In response to the killing of the journalists at the French satirical magazine, Charlie Hebdo, the British media shows their true colors, and they are all shades of yellow

To Islamist demands, the British media submits

By —— Bio and Archives--January 10, 2015

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There is a neon sign on the back wall of the Waitrose on Cromwell Road near the Gloucester Road Underground Station.  Instead of the usual advertisement, yesterday the sign simply read, “Je suis Charlie.”  That evening, a man who appeared to be in his mid-twenties to mid-thirties used his iPhone to take a selfie of him grinning broadly while standing in front of the sign.

He did not appear to be condemning those who would use lethal force to limit freedom of expression. He did not seem to be expressing sympathy for the victims of the Paris massacre.  He appeared to be showing his support for the men who had murdered them in cold blood.  He appeared to be celebrating the murderers’ accomplishment. These warriors for Allah had let the world know that the punishment for anyone who had the temerity to follow in the footsteps of Charlie Hebdo would be a brutal death. The editors and cartoonists at Charlie Hebdo had dared to mock Islam, and for that they had deserved to die.  Hellfire would be their eternal fate while those who had upheld the honor of Islam would spend the afterlife in a heavenly paradise.

In his address to the UN General Assembly on September 25, 2012, the one in which he falsely tried to link the attack on the US consulate in Benghazi with “a crude and disgusting video,” President Obama stated that “the future must not belong to those who slander the prophet of Islam.”  In the United Kingdom he needn’t worry about the prophet being slandered or Islam being mocked, at least not by the media.  The Daily Mail, Financial Times, Guardian, Mirror, Sun, Telegraph and Times all citing journalistic standards of integrity refused to publish any of the cartoons that appeared in Charlie Hebdo depicting Mohammed or satirizing Islam.

Tom Holland is the author of In the Shadow of the Sword, a history of the Arab world, the publication of which added him to the growing list of those who live in constant fear of being assassinated for offending Islam.  As he pointed out in an interview with the Evening Standard, another tabloid that chose not to publish the cartoons, the Charlie Hebdo cartoons “are a crucial piece of evidence in a vitally important story,” and the public deserves to see what it was the magazine’s editors and cartoonists died for, and more important the sacred principle that they were willing to give their lives for.  But hiding their fear under the guise of responsible journalism, the mainstream media and the tabloids chose to keep the cartoons out of circulation.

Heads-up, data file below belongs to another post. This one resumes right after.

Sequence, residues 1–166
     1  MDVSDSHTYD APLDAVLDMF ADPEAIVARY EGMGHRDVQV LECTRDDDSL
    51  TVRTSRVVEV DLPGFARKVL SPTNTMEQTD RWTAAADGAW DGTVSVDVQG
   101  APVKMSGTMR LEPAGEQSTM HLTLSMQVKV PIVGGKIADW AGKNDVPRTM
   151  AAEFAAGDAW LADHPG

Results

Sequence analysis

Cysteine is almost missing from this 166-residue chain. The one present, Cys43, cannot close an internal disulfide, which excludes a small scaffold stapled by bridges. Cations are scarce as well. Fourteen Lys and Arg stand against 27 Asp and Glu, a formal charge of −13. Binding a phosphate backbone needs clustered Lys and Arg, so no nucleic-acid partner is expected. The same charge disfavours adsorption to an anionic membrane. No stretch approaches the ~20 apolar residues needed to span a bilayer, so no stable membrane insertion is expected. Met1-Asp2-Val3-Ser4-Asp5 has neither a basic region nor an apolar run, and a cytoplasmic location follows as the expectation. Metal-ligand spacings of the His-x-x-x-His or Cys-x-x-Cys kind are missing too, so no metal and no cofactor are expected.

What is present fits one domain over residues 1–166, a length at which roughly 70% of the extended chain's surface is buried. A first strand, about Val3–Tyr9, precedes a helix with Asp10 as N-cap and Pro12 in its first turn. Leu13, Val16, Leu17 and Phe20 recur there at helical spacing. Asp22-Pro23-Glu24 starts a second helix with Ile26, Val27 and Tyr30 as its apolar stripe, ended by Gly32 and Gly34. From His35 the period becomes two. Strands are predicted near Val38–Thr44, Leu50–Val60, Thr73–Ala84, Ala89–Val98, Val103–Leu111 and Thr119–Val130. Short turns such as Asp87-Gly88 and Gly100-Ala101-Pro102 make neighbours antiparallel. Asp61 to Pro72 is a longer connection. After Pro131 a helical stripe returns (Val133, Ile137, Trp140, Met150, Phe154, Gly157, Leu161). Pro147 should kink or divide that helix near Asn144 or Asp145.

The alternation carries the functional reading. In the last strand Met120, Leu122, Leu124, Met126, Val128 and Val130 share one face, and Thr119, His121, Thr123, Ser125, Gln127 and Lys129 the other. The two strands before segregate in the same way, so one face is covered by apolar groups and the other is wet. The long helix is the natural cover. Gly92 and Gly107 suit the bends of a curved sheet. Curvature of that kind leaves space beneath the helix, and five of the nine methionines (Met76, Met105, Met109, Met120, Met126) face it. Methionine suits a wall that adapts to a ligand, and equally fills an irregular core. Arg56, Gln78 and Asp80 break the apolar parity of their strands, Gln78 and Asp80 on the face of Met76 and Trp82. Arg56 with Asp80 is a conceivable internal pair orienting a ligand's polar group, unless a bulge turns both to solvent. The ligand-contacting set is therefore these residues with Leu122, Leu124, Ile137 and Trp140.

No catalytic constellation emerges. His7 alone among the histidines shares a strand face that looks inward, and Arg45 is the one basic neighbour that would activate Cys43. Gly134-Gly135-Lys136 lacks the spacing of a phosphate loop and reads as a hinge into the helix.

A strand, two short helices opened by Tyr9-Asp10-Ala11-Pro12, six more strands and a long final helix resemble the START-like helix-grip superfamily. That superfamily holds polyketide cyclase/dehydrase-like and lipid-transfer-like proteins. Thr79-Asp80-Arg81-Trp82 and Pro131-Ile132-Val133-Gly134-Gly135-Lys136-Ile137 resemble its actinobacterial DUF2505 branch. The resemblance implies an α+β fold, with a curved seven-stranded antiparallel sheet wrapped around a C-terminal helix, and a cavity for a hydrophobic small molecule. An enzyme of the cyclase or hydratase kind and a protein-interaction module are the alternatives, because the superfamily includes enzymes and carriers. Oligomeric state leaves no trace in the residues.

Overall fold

Muslim leaders in the UK have condemned the killings while at the same time noting how cartoons such as those published in Charlie Hebdo inflame passions and offend Muslim sensitivities.  Ambassadors from Arab nations have also condemned the murders, but will the Saudi, Qatari and other Gulf Arab leaders stop distributing school textbooks that depict Christians as pigs and Jews as apes?  Will they stop funding Imams and Madrassas who call for a holy Jihad to complete the work of the prophet by killing every infidel who refuses to submit to the will of Allah?  Will they instead promote religious tolerance, freedom of expression and human rights, especially women’s rights?  Not likely.

The staff at Charlie Hebdo was working on their next edition when they were gunned down.  It was to be a satire about Michel Houellebecq and his latest novel, Soumission (Submission), in which in 2022 France becomes an Islamist state.  Is the novel farfetched or is it an accurate prediction for the future of not just of France but for all of Europe?  The answer to that question lies in the hands of those who speak bravely about the sanctity of freedom of expression.  It is one thing to say freedom of speech is a sacred right; it’s quite another to be willing to fight and if need be die to defend that right.

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Al Kaltman -- Bio and Archives | Comments

Al Kaltman is a political science professor who teaches a leadership studies course at George Washington University.  He is the author of Cigars, Whiskey and Winning: Leadership Lessons from General Ulysses S. Grant.

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